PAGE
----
Photo courtesy of Charles Bullock
The 11th Judicial District race between incumbent Charles Bullock and challenger Mary Howard Wells is far from heated. Both candidates describe themselves as fair and conservative, stressing that they would interpret the law as written instead of legislating from the bench.
Bullock even passed on the chance to draw a contrast with his opponent. “Ms. Wells has been in my courtroom maybe four times,” he said. “I can’t tell you how I differ; I don’t know her.”
Conventional wisdom says one purpose of campaigning is to separate yourself from your opponent — to let voters know why you’re better qualified to hold elected office. It is harder to do that in judicial elections. The candidates could come before one another in court, so they’re careful not to offend. Also, judicial ethics keep candidates from being totally open about their stances on legal issues. Add those factors to the fact that judicial races are nonpartisan, and it can be hard to separate one candidate from the next.
But Wells and Bullock differ from one another in at least one area: their backgrounds.
After graduating from the Campbell University Law School in 2003, Bullock went to work for a small firm in Angier. But most of his career as a lawyer — three years in all — was spent as a prosecutor working under former district attorney Tom Lock and then under current DA Susan Doyle. He was appointed to the bench in 2008 and won election the same year.
Wells, a graduate of the Regent University School of Law, has operated a private practice in Clayton since 2003. Most of her cases are domestic matters like separation, custody and divorce, although she has some criminal experience. She believes her experience running her own firm gives her a unique perspective.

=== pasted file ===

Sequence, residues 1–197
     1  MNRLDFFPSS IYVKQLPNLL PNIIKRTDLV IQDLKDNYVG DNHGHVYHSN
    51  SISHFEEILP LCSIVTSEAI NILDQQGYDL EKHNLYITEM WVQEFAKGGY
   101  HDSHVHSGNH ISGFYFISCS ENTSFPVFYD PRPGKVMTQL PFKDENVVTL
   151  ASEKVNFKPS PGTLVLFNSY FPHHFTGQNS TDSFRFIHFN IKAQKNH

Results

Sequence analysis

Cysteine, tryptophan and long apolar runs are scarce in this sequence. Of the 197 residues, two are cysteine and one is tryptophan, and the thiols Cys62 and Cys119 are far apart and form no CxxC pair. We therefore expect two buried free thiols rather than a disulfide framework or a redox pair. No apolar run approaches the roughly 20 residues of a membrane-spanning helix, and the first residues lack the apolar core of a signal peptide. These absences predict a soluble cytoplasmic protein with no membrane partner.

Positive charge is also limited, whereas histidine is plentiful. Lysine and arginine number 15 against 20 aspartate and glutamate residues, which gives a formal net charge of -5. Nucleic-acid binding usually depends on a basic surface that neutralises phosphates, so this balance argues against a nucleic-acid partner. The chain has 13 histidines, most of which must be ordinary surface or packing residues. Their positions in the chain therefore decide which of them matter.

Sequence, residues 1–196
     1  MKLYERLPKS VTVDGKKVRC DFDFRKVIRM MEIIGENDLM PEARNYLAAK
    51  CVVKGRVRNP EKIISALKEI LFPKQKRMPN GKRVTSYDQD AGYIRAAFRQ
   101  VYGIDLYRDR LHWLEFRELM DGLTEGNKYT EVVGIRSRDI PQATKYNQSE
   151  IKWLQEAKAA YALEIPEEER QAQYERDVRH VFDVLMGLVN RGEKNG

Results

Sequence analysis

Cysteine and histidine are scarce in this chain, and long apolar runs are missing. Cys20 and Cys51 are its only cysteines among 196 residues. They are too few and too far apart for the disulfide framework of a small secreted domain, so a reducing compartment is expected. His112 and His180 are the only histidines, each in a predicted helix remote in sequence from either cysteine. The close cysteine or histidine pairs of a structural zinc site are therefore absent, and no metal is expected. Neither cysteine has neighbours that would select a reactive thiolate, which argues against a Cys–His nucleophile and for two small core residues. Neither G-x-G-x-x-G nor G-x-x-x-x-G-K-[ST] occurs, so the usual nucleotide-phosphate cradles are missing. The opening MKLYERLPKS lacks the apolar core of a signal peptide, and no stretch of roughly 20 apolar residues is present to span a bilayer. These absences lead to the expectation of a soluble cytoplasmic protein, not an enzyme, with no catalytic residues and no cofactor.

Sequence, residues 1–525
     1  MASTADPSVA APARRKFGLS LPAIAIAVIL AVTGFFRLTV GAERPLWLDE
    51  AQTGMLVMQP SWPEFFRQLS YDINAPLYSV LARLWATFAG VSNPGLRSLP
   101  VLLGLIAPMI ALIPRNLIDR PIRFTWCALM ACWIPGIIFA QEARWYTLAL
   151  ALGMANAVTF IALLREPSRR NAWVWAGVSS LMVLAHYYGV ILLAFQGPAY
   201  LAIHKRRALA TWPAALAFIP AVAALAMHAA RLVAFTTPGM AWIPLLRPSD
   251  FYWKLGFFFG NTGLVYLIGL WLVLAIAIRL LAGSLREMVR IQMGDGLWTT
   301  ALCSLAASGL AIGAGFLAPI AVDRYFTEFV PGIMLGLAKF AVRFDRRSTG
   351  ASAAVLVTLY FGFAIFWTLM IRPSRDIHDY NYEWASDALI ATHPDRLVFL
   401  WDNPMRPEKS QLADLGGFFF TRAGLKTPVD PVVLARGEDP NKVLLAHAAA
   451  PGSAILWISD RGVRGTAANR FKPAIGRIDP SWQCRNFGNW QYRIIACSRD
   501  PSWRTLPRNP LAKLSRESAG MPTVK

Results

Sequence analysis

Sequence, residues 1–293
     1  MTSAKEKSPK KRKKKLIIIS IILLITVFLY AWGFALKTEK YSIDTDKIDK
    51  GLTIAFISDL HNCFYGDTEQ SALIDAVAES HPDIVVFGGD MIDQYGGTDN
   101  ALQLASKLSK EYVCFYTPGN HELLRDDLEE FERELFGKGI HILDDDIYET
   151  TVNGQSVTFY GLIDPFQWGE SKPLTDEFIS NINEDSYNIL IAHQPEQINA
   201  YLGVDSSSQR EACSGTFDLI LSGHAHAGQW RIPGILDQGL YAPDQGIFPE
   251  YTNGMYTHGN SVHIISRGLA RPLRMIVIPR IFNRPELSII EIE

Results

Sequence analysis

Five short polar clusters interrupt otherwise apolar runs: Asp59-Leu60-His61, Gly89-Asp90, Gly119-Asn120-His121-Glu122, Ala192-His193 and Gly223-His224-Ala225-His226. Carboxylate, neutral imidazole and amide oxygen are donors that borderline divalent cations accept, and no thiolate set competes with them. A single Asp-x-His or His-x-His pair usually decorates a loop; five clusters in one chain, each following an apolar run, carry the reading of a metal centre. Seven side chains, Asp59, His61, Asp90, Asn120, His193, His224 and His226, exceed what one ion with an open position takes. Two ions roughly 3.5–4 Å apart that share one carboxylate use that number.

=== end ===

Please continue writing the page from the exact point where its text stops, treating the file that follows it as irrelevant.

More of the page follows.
“I built my law practice,” she said. “I know what it’s like to be in the private sector and have to drum up your own business.”
The state bar association’s 2012 judicial candidate survey offers voters another way to distinguish between candidates. Attorneys from around the state rated their colleagues on several criteria, including legal ability, professionalism and integrity on a five-point scale. Each candidate also receives an overall performance score. Bullock earned higher scores across the board, including a 3.83 overall rating compared to Wells’ 3.38. He was not willing to comment on the reasons he scored higher.
“I was rated higher by the North Carolina Bar Association,” he said. “But I certainly can’t comment on Ms. Wells — I think it would be a violation of judicial ethics.”
Wells sees the results as suspicious. Like LeVonda Wood, another District 11 challenger, Wells wonders how so many people — 79 attorneys in all — rated her performance. “The numbers don’t add up,” she said. “There’s no way 79 attorneys have worked closely enough with me to evaluate my performance.”
Wells also questions the premise of the survey, that candidates who have never worked as judges can be rated on the same scale as sitting judges. She said it’s an apples-to-oranges comparison. “They’re projecting how an attorney wold work as a judge,” she said. “How do you evaluate an attorney as a sitting judge when they’ve never been a judge? They’re very different roles.”
Bullock has been a judge for the past five years, and he’s sees his experience as a significant advantage. “I am more than qualified to retain my seat,” he said. “If they can’t tell you why someone should be replaced, I don’t know if there’s a good enough reason.”